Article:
Models treating the simple properties of social groups have a common shortcoming. Typically, they focus on the local properties of group members and the features of the world with which group members interact. I consider economic models of bureaucratic corruption, to show that (a) simple properties of groups are often constituted by the properties of the wider population, and (b) even sophisticated models are commonly inadequate to account for many simple social properties. Adequate models and social policies must treat certain factors that are not local to individual members of the group, even if those factors are not causally connected to those individuals.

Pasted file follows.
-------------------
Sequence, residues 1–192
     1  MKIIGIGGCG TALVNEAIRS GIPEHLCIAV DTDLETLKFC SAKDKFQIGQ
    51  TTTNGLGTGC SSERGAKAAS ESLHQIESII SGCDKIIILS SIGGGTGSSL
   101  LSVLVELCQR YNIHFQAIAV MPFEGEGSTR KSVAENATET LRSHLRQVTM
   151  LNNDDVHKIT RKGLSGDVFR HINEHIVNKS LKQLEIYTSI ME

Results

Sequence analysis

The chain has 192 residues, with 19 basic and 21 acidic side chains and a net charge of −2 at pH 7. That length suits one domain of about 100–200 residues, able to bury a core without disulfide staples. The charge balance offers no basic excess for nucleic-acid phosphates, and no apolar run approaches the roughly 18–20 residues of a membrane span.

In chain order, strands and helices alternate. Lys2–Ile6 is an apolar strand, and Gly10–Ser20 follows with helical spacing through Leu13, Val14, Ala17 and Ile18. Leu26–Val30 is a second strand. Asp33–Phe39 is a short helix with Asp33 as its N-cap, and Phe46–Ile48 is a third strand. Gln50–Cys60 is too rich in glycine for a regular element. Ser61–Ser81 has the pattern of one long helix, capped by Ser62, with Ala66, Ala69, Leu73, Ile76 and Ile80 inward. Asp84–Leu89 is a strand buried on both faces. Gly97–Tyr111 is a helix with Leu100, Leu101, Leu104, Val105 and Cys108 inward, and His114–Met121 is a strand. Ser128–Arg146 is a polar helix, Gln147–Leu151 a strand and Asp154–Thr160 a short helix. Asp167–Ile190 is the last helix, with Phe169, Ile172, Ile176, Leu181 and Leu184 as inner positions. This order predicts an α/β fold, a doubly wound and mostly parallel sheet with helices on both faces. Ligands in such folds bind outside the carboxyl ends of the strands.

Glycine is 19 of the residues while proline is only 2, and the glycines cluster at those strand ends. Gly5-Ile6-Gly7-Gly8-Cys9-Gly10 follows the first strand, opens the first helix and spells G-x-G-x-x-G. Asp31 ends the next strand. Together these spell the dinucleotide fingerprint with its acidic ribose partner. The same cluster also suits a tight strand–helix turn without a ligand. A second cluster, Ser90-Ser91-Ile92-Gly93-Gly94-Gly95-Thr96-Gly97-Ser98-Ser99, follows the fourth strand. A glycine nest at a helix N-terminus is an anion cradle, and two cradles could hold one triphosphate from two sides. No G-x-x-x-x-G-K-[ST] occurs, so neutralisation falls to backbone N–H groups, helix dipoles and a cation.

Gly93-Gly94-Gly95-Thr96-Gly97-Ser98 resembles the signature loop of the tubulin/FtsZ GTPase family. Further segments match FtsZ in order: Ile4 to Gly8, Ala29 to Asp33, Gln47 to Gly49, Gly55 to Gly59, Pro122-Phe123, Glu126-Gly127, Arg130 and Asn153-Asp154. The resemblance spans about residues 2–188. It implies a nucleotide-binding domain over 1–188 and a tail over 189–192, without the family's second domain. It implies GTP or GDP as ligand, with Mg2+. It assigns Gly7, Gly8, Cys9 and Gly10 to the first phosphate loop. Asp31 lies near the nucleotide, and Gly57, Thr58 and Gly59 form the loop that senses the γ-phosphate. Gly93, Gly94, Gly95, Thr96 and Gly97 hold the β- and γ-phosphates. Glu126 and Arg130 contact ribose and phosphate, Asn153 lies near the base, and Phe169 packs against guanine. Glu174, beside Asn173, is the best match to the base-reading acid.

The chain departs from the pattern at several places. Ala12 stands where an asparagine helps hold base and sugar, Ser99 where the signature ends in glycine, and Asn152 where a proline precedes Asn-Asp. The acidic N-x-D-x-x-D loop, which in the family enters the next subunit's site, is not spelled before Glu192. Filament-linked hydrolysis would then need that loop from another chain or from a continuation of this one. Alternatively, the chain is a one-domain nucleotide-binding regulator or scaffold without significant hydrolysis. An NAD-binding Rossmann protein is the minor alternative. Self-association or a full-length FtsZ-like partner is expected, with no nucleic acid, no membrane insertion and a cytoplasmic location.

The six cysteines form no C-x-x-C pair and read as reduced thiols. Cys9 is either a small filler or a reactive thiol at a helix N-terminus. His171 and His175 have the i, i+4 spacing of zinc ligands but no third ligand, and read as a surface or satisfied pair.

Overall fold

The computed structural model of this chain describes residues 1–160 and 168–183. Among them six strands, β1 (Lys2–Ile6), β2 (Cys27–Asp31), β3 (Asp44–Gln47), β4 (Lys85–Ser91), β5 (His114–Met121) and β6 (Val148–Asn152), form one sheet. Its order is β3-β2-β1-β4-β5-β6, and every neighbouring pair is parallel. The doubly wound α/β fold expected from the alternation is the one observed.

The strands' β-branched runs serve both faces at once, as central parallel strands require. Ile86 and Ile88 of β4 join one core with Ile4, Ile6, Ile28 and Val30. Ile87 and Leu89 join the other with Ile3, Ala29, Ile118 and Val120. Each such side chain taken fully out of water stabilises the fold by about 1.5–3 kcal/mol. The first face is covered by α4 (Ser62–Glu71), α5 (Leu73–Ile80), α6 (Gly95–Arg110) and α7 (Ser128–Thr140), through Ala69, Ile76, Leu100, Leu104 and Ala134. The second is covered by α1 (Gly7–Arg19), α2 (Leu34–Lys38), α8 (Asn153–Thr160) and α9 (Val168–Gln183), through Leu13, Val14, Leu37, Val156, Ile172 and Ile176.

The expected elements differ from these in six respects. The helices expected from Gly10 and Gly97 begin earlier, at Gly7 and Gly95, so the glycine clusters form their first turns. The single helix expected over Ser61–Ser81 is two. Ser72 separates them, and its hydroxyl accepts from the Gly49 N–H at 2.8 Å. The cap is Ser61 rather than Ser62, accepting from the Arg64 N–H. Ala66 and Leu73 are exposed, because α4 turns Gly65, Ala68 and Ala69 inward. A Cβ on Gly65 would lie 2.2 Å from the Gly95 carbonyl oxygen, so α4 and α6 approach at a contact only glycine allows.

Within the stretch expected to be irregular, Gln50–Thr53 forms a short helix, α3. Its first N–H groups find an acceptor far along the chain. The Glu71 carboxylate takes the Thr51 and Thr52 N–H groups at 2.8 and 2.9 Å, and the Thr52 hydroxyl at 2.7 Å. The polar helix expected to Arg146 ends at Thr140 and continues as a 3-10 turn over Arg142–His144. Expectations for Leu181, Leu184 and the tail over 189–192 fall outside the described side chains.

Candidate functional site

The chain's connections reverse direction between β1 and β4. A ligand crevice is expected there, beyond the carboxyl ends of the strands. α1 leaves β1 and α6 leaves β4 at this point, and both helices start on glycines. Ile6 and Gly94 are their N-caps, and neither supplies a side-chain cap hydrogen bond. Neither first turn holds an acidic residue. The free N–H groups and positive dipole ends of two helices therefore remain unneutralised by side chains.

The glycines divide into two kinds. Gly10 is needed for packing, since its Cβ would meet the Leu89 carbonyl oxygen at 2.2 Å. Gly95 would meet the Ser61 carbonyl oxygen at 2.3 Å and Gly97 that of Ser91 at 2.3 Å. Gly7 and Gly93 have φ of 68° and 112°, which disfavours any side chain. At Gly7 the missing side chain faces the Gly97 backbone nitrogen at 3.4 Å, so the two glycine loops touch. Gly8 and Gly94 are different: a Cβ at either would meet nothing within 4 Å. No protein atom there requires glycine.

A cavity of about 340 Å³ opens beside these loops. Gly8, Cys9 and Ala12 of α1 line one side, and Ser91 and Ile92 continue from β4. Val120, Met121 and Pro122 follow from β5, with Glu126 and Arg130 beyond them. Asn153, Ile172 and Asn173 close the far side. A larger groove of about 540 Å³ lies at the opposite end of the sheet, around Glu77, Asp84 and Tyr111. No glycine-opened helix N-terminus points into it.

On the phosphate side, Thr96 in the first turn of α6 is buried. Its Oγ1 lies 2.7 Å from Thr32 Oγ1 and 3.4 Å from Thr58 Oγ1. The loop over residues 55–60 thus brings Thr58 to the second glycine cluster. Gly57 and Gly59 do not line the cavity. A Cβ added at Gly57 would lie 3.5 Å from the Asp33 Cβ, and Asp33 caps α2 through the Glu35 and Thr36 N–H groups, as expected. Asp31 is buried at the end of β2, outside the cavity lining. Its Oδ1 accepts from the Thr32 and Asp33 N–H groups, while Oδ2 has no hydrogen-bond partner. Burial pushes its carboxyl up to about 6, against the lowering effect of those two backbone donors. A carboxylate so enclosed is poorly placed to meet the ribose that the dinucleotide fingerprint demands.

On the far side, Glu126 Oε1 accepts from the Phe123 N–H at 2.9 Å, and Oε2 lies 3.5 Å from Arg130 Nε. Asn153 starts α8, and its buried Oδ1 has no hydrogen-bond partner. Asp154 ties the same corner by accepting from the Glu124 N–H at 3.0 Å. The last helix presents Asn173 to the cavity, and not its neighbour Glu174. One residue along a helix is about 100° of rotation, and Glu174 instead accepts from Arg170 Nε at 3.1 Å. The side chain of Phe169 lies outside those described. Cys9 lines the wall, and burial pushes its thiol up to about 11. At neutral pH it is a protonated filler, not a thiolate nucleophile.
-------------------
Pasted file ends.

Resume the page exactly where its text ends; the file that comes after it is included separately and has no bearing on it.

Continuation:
Philosophy of the Social Sciences 38 (2008), 3-24